ⓘ Underwater diving safety ..

Basic Cave Diving: A Blueprint for Survival

Basic Cave Diving: A Blueprint for Survival, also commonly referred to by the subtitle alone, A Blueprint for Survival, is a short book on safe scuba diving procedures for cave diving by pioneer cave diver Sheck Exley, originally published in 1979, by the Cave Diving Section of the National Speleological Society. It is considered to have had a significant impact on the number of cave diving fatalities since publication, and is considered one of the more historically important publications in recreational diving.

Civil liability in recreational diving

The civil liability of a recreational diver may include a duty of care to another diver during a dive. Breach of this duty that is a proximate cause of injury or loss to the other diver may lead to civil litigation for damages in compensation for the injury or loss suffered. Participation in recreational diving implies acceptance of the inherent risks of the activity Diver training includes training in procedures known to reduce these risks to a level considered acceptable by the certification agency, and issue of certification implies that the agency accepts that the instructor has assess ...

Dive briefing

A dive briefing or pre-dive briefing is a meeting of the diving team or dive group before the dive to allow the supervisor, dive leader or dive boat skipper to inform the attendees of the dive plan, contingency plans and emergency plans for the dive. The amount of detail presented should be appropriate to the dive, but there are several topics which are considered standard components of a dive briefing. The topics may vary depending on context. On some occasions an expert or specialist may present part of the dive briefing, particularly aspects relating to specialised tasks, or vessel safe ...

Diver communications

Diver communications are the methods used by divers to communicate with each other or with surface members of the dive team. In professional diving, communication is usually between a single working diver and the diving supervisor at the surface control point. This is considered important both for managing the diving work, and as a safety measure for monitoring the condition of the diver. The traditional method of communication was by line signals, but this has been superseded by voice communication, and line signals are now used in emergencies when voice communications have failed. Surfac ...

Diver rescue

Diver rescue, following an accident, is the process of avoiding or limiting further exposure to diving hazards and bringing a diver to a place of safety. A safe place is often a place where the diver cannot drown, such as a boat or dry land, where first aid can be administered and from which professional medical treatment can be sought. In the context of surface supplied diving, the place of safety for a diver with a decompression obligation is often the diving bell. Rescue may be needed for various reasons where the diver becomes unable to manage an emergency, and there are several stages ...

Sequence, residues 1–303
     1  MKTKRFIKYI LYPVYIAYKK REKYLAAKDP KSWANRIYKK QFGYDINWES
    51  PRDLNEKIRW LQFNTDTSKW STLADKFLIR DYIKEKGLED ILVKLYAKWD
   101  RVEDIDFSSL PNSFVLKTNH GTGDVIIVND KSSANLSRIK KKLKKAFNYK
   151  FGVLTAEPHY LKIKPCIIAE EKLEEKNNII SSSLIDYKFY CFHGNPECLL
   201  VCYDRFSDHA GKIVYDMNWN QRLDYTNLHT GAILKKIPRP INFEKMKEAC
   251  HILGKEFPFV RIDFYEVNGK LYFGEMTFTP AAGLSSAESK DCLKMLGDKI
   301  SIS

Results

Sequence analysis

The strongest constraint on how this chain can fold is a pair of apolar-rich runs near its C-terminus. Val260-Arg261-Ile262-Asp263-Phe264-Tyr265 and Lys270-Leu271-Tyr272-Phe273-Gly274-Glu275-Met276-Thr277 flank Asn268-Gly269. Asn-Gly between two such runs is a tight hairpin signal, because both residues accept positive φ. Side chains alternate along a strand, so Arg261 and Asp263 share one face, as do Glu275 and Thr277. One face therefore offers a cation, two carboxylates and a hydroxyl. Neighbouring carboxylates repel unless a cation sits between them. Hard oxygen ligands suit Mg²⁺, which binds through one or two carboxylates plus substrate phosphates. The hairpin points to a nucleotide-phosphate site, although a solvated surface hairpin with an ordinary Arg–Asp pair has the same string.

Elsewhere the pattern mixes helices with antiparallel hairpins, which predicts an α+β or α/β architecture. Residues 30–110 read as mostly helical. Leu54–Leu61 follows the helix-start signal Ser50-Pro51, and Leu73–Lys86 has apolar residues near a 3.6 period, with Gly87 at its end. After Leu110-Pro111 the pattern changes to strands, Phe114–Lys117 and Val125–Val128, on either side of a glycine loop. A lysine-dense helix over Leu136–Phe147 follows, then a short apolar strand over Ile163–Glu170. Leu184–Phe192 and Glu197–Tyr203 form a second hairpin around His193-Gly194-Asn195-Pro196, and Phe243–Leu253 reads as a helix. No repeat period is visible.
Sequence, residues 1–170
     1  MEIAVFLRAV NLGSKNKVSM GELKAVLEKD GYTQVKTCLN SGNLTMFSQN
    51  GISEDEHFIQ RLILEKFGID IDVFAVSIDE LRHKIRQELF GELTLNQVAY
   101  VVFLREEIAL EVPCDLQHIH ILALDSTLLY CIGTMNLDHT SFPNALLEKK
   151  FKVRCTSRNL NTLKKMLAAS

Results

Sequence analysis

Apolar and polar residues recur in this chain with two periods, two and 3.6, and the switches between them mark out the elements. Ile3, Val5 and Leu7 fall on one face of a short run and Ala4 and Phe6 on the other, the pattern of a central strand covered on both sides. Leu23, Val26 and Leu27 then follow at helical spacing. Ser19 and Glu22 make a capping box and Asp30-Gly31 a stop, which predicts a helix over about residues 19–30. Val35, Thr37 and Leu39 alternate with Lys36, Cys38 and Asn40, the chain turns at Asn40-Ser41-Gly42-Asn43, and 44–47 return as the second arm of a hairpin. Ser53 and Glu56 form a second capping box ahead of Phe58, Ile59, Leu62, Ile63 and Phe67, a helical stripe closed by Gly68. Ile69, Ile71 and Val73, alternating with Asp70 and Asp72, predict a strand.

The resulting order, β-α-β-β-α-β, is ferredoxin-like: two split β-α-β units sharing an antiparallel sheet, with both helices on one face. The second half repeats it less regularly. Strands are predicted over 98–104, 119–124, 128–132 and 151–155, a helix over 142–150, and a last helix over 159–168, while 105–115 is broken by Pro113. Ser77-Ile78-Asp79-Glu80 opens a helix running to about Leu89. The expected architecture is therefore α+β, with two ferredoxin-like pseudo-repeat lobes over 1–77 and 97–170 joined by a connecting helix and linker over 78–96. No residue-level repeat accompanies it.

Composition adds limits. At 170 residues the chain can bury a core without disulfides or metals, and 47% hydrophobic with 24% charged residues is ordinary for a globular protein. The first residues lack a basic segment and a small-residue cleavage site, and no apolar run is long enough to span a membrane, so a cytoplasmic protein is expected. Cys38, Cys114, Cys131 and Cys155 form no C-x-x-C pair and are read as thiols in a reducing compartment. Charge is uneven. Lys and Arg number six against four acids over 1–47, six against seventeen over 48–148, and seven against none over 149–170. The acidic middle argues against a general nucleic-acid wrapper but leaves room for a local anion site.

Recreational diver training

Recreational diver training is the process of developing knowledge and understanding of the basic principles, and the skills and procedures for the use of scuba equipment so that the diver is able to dive for recreational purposes with acceptable risk using the type of equipment and in similar conditions to those experienced during training. Not only is the underwater environment hazardous but the diving equipment itself can be dangerous. There are problems that divers must learn to avoid and manage when they do occur. Divers need repeated practice and a gradual increase in challenge to de ...

                                     

ⓘ Underwater diving safety

  • Academy of Underwater Sciences AAUS and qualification as a diving instructor from an internationally recognized certifying agency. The diving safety officer
  • Inshore diving S - 3.1 Act respecting safety in sports, Chapter V.2 Recreative underwater diving 1997, c. 37, s. 2. It is not permitted to dive or train
  • diving commercial diving diving for research purposes, or for financial gain involves working underwater Public safety diving is the underwater work
  • Diving safety is the aspect of underwater diving operations and activities concerned with the safety of the participants. The safety of underwater diving
  • physiological effects of diving and the hazards and risks of diving Diving physiology is the physiological influences of the underwater environment on the
  • A diving team is a group of people who work together to conduct a diving operation. A characteristic of professional diving is the specification for minimum
  • diving services are required. The duties carried out by police divers include rescue diving for underwater casualties and search and recovery diving for
  • gas mixtures and quantities required for a planned dive profile Chapter 3: Too Deep  Underwater diving to a depth beyond the norm accepted by the associated
  • which is found to be suitable for diving use. The fundamental item of diving equipment used by divers is underwater breathing apparatus, such as scuba
  • facilitate underwater diving Hazard  An agent which has the potential to cause harm to a vulnerable target Human factors in diving safety The influence
  • diver slang and acronyms used in underwater diving The definitions listed are in the context of underwater diving There may be other meanings in other
  • the enclosure and ascend to the surface. Underwater diving portal Cave diving Dive planning Penetration diving Scuba gas planning Scuba skills Sheck Exley